Are there blood groups in animals as well? Do dogs have different blood groups? The simple answer to these questions is “yes”. Unlike humans, dogs do not have the human ABO blood groups. Dogs have different blood types and these differences are inherited. There blood group system is based on DAE antigens. Like many other animals, dogs can need blood transfusion too. However, these transfusions are done on the basis of blood group proteins. Dogs are often regular blood donors. Dogs with a weight of 55 pounds or above are suitable to donate blood. Female dogs can donate blood before pregnancy because pregnancy can add different antibodies to their blood.
Importance of Blood Types:
The accurate grouping of blood is crucial because blood transfusion is done on the basis of blood type. If any patient receives a blood type that is not suitable, it can be fatal and lead to death in most of the cases. It is because the body of the patient starts producing antibodies against the antigens of the new antigen in the body. All of this causes reaction and rejection.
Blood Types in Dogs:
Dogs have more than 13 blood types. In order to determine an animal’s blood group, a small sample of blood is tested with certain antibodies. Dogs have more than eight antigens attached to their red blood cell which is denoted by Dog Erythrocytes Antigen (DEA). These below DAES can be divided into the following eight types:
- DAE 1.1
- DAE 1.2
- DAE 3
- DAE 4
- DAE 5
- DAE 7
- DAE 8
Dogs that are DAE 1.1 positive can be considered as universal recipients; however, dogs that are DAE 1.1 negative such as greyhounds are considered as universal donors. Furthermore, dogs can be positive for either DAE 1.1 or DAE 1.2 or none. Simply, dogs cannot be positive for both: DAE 1.1 and DAE 1.2. There are certain immune responses in the process of a blood transfusion but the reactions to DAE 1.1 + are most severe of all. It is important to note that blood from DAE 1.1 positive dogs should never be transfused to DAE negative dogs because in the first transfusion step it will shorten the life of red blood cells and in the second attempt of blood transfusion it will lead to life-threatening complications in the recipient dog.
Dogs with DAE 4 and no other antigen are considered as “universal” donors. DAE 4 antibody-antigen interaction does not affect the survival of red blood cells. Of all DAE’s, DAE 4 and DAE 6 is found on the red blood cells of 98% of dogs. Thus, they serve as a blood donor to the majority of the canine population.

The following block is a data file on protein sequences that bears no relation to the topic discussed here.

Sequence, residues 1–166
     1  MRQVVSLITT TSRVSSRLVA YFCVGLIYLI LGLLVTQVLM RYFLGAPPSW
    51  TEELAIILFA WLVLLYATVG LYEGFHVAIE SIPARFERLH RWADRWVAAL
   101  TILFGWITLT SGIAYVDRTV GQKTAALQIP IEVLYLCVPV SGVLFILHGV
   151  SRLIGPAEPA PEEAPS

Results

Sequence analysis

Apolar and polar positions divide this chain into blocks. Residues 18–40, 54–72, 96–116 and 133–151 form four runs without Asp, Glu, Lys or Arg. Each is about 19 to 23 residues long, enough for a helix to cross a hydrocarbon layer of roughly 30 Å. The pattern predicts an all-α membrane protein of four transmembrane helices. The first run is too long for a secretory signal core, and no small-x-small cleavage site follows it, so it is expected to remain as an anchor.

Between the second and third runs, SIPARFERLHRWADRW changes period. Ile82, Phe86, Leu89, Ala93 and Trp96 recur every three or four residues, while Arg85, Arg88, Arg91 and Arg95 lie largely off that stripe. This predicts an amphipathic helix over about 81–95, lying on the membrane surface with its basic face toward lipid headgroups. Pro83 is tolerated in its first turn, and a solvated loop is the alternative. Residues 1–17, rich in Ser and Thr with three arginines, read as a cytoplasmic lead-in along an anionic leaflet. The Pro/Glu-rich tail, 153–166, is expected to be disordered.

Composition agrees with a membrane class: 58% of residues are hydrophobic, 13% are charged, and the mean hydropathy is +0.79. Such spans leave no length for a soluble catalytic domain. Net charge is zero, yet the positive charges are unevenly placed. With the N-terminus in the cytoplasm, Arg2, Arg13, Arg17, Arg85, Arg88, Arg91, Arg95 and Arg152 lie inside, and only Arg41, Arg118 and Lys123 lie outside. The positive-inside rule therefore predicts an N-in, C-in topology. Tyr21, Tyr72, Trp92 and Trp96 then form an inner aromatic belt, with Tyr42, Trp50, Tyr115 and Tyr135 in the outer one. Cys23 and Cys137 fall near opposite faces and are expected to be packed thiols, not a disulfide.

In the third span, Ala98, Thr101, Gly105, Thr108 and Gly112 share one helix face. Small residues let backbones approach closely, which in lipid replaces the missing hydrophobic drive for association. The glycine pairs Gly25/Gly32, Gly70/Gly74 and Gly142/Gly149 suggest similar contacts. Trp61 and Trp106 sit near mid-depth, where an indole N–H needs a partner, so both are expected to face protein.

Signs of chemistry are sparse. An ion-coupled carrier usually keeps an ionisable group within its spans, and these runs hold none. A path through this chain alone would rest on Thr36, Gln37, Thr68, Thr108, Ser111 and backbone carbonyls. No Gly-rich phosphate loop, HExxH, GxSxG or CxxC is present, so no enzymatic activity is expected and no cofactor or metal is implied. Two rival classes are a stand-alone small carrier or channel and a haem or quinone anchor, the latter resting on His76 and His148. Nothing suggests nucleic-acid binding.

The antibody-antigen interaction of DAE 3, 5, and 7 results in the permanent loss of red blood cells in 3 to 5 days. DAE 7 can be a factor in transfusion reactions, however, this cold agglutinin and a naturally occurring antibody is considered to have very little clinical significance. The rest of the DAE antigens can cause more clinical transfusion problems.
Dal is another blood type known in dogs other than DAE’s. This type of dog blood is comparatively rare.
Blood Bank and Dogs:
The first blood bank for pets was launched in Boston in 1989, with the cooperation of Angel Memorial Animal Hospital. Blood banks for pets are quite common now. One can receive blood for their dog from these blood banks. Moreover, one can register their pet dogs as a regular blood donor.
Properties of the Blood of the Dogs:
- In general, human blood and dog blood are quite similar, but there are certain differences in both.
- The blood of a dog has usually 4 to 8 percent greater chloride content than human blood.
- There is less bicarbonate in dog’s blood in comparison to humans.
- The lactic acid concentration at rest in the dogs is much more variable than that of humans.
- In the blood of dogs, red blood cells contain little potassium as compared to humans.
Quick Facts about Blood Types In Dogs
- Canine blood donors should be negative.
- Positive blood cannot be given to negative dogs twice.
- There are more than a dozen blood groups in dogs.
- The majority of blood donors in dogs are female. Their ratio is 56%.
- The most common type of blood type of dogs is DAE 1.1 (positive). The occurrence is 71%.
Frequently Asked Questions:
Why is there a blood test before transfusion?
As it has become that dogs have different blood types like many other animals as well as humans, then it is important to take care of these types while going for clinical transfusion. Otherwise, different blood types can lead to antibodies formation resulting in life-threatening situations.
Can we transfuse human blood to the dogs?
Human blood cannot be given to the dog and vice versa. The reason is the different structures and types of blood. However, certain proteins from the blood can be isolated and then used.
Can dogs donate blood?
Dogs can donate blood if they pass the following criteria:
- The dog should be adult and healthy.
- The dog is properly vaccinated and is not on any kind of medication such as for tick, flea, or heartworm.
- Good weight according to the size (usually 55 pounds and above is preferred).
- A dog can donate blood as much as 5 to 6 times a year.
Having information about blood types in dogs, in addition to knowing the blood type of your dog can save your dog. If there is an emergency, and you know about the blood type of your dogs it can save the life of your dog and the time of the vet. The dog can save other lives by donating blood to other unhealthy dogs. Make your pet a regular blood donor if possible, because saving the lives of other pet animals is a fulfilling experience.
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